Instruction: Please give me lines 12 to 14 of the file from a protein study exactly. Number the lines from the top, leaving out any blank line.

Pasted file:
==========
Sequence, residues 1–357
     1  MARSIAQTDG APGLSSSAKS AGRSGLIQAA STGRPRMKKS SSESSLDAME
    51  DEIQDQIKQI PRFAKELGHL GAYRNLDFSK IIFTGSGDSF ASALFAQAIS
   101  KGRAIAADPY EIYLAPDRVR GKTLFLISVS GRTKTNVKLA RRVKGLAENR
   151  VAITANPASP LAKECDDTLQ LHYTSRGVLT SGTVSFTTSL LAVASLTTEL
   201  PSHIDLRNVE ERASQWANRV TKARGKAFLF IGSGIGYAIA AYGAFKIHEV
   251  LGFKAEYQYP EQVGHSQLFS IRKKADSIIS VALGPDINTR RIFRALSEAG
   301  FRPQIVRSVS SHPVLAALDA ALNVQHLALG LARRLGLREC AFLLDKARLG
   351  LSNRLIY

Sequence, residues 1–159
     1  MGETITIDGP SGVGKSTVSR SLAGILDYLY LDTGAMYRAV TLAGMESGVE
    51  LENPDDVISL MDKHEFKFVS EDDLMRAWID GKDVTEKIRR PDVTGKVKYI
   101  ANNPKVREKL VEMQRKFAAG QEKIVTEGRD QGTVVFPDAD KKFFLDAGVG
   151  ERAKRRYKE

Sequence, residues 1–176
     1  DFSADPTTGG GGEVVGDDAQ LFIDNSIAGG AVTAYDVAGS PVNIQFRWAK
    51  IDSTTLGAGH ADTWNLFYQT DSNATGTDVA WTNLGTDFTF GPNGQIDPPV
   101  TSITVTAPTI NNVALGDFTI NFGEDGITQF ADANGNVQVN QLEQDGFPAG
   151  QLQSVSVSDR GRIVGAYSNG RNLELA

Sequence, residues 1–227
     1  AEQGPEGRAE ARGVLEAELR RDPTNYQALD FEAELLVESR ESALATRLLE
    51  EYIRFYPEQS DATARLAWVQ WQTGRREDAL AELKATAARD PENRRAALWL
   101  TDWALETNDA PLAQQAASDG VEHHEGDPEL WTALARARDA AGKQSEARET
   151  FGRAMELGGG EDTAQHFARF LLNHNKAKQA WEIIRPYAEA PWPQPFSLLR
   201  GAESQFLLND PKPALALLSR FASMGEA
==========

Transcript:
    51  LENPDDVISL MDKHEFKFVS EDDLMRAWID GKDVTEKIRR PDVTGKVKYI
   101  ANNPKVREKL VEMQRKFAAG QEKIVTEGRD QGTVVFPDAD KKFFLDAGVG
   151  ERAKRRYKE